Abdul Amir Qarizada repeats several times the exact moment, 4:30 p.m., when he was ordered to take off from Kabul's airport during the chaos of the evacuation – with no time to get his wife and five children, who are still in Afghanistan more than seven months later.

"My concern is the aircraft is safe, but my family is not safe," the former flight engineer says after Friday prayer at Las Cruces' only mosque, where he goes by bike to find some "peace."

So does Qais Sharifi, 28, who says he can't sleep with worry for his kids left behind, including a daughter born two months after he fled Afghanistan alone.

Both men break into smiles when the mosque's education director, Rajaa Shindi, an Iraqi-born professor at nearby New Mexico State University, invites them to register for the free iftar dinners held nightly in the meeting hall decorated with gold balloons spelling "Ramadan kareem" — an Arabic greeting often used to wish people a happy Ramadan.

Local congregations like the mosque and El Calvario United Methodist Church in Las Cruces, as well as the Jewish and Christian-based organizations that resettle refugees across their national networks, have been helping Afghans find housing, jobs, English-language classes, and schools for their children.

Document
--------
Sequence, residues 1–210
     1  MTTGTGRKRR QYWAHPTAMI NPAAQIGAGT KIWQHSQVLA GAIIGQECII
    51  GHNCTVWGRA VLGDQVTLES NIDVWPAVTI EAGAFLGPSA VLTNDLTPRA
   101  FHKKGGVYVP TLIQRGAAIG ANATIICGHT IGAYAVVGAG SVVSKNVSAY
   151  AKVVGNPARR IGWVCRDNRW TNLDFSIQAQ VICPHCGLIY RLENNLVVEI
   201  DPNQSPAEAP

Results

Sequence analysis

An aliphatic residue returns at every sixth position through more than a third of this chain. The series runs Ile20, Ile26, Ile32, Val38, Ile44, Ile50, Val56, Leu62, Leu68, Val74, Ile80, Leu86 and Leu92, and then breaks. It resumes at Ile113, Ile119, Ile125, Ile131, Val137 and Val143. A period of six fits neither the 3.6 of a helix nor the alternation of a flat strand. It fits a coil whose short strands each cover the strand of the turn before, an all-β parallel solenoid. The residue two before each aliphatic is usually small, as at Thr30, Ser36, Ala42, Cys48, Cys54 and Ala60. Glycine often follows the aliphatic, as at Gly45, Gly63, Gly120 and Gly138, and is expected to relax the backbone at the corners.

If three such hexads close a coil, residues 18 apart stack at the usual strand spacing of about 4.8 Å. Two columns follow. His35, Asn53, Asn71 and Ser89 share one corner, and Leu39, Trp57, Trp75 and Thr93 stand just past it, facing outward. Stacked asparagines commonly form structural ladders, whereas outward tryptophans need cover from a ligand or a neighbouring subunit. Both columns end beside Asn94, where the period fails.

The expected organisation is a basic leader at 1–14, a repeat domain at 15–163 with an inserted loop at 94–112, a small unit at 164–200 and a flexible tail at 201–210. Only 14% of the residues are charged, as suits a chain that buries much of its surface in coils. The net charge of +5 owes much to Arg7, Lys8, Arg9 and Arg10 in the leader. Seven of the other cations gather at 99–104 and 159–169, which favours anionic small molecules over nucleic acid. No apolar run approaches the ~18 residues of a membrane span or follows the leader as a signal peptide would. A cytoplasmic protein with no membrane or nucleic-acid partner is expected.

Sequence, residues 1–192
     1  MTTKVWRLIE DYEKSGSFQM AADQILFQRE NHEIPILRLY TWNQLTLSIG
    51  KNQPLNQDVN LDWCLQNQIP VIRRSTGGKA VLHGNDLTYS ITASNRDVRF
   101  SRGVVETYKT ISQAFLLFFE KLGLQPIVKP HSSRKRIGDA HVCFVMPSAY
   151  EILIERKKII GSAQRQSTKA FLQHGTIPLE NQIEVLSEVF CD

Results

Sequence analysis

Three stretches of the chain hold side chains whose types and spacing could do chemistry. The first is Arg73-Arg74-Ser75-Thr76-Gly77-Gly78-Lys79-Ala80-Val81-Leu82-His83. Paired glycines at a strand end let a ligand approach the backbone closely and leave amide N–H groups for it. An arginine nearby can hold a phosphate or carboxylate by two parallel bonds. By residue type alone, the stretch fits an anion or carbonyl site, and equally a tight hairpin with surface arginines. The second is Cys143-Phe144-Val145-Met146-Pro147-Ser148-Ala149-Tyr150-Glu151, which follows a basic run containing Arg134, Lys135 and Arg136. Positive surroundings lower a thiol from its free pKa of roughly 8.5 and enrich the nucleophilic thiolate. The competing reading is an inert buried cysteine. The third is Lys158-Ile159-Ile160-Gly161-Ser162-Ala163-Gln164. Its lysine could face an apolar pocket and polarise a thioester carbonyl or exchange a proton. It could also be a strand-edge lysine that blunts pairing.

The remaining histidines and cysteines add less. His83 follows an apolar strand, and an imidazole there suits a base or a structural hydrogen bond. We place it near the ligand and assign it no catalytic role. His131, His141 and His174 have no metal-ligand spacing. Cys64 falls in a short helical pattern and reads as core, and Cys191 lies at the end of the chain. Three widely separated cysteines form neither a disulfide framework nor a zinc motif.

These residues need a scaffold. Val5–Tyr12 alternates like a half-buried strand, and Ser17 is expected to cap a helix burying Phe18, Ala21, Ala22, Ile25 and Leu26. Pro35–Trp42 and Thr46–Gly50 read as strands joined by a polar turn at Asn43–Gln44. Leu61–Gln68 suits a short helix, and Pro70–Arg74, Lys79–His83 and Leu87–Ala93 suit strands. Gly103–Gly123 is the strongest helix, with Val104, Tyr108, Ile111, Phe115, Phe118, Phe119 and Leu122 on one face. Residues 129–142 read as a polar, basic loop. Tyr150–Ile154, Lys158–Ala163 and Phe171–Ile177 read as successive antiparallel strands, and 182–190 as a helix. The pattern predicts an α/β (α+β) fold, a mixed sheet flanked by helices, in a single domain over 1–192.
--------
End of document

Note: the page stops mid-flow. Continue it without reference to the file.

They decry the fact that most displaced Afghan families don't have permanent legal status in the United States, despite their services for the U.S. government, military or their Afghan allies during the post-9/11 Afghanistan war. That would give them access to many government benefits and an easier path to work and family reunification.

While Afghanistan's decades of war and current food shortage mean far less extravagant feasts than in many countries where Ramadan is celebrated, the familiar tastes of home are top of mind for many displaced this year. Qarizada recalls his mother's signature festive dish of bolani, a stuffed fried bread like a giant samosa.

The mother of Shirkhan Nejat still cries every time the 27-year-old makes a WhatsApp video call home from Oklahoma City, where he was resettled with his wife and the couple's baby was born. Missing his close-knit extended family at Ramadan brings "bad emotions," Nejat said, despite his gratitude for being safe.

It's such bonds, the warmth of large family gatherings around the iftar meal and the cacophony of familiar sights, sounds and smells marking the end of a day's fast that many are yearning for in America.